Recent Research on Metabolism

It’s been a busy week…

New genetic variants that influence fat mass

Fat DNA

 

Half the UK population has the fat “gene”ie “sequence of genes”
…which I affectionately call the “I can’t eat this crap” gene

The sequence they discovered is not a gene, but it sits close to a gene called MC4R, which regulates energy levels in the body by influencing how much we eat and how much energy we expend or conserve. It is thought the sequence might play a role in controlling activity levels of the MC4R gene.

 

Dairy claims false: neither dairy nor calcium intake promotes weight loss

“Our findings demonstrate that increasing dairy product intake does not consistently result in weight or fat loss and may actually have the opposite effect,” the authors conclude.

 

Human metabolic phenotype diversity and its association with diet and blood pressure: Causes Of Disease Can Be Revealed By Metabolic Fingerprinting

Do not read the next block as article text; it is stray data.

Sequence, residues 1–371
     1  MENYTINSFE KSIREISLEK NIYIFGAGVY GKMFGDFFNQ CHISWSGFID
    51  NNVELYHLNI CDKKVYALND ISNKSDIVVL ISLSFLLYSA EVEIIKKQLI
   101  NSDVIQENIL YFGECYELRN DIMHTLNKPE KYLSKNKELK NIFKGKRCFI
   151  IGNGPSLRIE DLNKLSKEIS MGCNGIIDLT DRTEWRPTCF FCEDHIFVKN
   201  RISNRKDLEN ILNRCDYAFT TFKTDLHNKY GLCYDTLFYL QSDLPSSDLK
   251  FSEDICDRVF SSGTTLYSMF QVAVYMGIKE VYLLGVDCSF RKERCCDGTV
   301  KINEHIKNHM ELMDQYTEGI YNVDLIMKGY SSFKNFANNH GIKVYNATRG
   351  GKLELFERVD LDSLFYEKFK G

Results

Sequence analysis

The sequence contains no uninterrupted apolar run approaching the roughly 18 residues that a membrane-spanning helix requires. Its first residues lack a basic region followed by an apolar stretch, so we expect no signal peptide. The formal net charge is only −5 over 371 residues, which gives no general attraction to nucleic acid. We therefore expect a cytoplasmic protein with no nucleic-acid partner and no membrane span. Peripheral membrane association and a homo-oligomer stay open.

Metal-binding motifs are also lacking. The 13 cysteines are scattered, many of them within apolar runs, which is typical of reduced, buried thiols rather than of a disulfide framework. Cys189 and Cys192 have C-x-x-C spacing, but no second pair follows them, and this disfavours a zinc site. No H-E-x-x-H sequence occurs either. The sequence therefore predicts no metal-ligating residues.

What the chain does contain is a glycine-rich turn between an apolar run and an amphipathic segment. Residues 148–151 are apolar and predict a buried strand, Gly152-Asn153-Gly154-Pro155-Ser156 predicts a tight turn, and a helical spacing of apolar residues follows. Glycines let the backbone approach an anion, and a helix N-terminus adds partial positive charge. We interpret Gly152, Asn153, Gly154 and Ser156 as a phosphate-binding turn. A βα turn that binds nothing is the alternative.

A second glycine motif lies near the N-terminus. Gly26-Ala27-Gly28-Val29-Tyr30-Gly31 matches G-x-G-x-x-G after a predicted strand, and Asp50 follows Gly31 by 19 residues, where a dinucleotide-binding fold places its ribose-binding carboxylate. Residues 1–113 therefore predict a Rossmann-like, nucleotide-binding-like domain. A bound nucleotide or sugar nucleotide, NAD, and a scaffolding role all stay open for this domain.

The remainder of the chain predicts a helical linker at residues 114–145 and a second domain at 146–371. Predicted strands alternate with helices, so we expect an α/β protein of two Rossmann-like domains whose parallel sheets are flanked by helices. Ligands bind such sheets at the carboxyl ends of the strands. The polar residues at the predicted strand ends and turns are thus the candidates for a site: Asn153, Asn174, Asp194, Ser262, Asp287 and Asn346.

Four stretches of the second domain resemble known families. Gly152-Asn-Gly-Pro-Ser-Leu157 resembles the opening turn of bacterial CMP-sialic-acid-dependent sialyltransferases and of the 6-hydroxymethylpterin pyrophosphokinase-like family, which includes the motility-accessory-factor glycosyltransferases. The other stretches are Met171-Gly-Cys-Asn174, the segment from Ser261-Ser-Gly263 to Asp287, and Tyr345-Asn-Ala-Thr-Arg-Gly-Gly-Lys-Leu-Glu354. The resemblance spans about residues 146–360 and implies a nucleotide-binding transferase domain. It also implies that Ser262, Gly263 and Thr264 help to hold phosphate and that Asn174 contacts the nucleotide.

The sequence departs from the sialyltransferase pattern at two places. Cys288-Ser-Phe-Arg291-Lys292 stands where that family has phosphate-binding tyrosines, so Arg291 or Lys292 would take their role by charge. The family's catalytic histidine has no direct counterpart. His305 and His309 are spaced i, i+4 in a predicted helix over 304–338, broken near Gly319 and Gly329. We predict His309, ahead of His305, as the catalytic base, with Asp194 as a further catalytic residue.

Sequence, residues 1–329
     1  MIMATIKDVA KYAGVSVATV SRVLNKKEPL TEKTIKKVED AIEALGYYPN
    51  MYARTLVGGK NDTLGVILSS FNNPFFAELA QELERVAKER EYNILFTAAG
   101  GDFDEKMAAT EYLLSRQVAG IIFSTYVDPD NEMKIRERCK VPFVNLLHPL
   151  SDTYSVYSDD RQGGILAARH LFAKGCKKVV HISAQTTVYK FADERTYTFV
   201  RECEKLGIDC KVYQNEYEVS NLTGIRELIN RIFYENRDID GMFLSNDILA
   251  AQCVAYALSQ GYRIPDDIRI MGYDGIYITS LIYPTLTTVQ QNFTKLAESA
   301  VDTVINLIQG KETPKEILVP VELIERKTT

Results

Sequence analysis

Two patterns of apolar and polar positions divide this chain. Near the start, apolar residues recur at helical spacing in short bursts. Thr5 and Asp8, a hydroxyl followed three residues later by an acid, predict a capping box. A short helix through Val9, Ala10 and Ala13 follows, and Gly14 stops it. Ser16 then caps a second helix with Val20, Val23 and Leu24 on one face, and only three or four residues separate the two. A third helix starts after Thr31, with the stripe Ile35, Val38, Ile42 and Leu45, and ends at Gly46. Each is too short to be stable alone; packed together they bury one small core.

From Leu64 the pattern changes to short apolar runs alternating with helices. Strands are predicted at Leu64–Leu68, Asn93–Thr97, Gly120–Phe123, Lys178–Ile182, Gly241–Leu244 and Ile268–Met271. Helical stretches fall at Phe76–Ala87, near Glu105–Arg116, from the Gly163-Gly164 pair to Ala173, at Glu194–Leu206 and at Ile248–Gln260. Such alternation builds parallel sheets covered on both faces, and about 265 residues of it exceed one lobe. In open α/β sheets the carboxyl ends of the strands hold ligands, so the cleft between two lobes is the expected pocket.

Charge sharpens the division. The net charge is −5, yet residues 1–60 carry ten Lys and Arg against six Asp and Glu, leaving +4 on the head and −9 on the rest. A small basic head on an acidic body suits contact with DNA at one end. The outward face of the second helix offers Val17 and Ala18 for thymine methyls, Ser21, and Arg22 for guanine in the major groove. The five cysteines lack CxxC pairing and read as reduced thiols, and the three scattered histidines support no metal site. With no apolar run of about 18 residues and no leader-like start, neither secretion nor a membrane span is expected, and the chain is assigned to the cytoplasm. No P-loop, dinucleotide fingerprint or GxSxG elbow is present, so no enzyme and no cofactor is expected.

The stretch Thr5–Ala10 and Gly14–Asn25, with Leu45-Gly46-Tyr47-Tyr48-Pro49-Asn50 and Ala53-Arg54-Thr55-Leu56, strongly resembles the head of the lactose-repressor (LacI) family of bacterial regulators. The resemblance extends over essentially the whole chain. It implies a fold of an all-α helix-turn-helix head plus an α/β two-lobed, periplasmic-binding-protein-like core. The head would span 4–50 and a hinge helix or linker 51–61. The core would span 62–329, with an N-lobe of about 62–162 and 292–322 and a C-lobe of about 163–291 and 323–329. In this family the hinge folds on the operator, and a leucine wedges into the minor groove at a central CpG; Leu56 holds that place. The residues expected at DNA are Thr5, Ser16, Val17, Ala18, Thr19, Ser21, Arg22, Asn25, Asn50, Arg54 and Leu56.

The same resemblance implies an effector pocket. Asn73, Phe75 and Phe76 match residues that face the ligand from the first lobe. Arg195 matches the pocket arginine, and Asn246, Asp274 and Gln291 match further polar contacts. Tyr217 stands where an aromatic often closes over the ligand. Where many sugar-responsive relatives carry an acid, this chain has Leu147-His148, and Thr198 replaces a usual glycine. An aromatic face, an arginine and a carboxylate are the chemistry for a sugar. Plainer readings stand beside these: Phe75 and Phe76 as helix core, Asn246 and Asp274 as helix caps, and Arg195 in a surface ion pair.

Metabolic fingerprinting looks at the relative levels of many different metabolites, which are the products of metabolism, in a person’s blood or urine. Metabolites act as markers which can reveal a lot about how diet and lifestyle contribute to risks for certain diseases.

 

Aspirin-like compounds increase insulin secretion in otherwise healthy obese people

Aspirin-like compounds (salicylates) can claim another health benefit: increasing the amount of insulin produced by otherwise healthy obese people. Obesity is associated with insulin resistance, the first step toward type 2 diabetes.

How is that a benefit? Useful info but bad analysis. Good deconstruction here.

 

I missed this one earlier… Ha! I didn’t see it until it hit the BBC….
Vitamin A, E & Beta-carotene “seem to increase mortality”
I’d love to hear what the stats were on Vitamin D but it wasn’t covered

After various factors were taken into account and a further 20 studies excluded, the researchers linked vitamin A supplements to a 16% increased risk of dying, beta-carotene to a 7% increased risk and vitamin E to a 4% increased risk.

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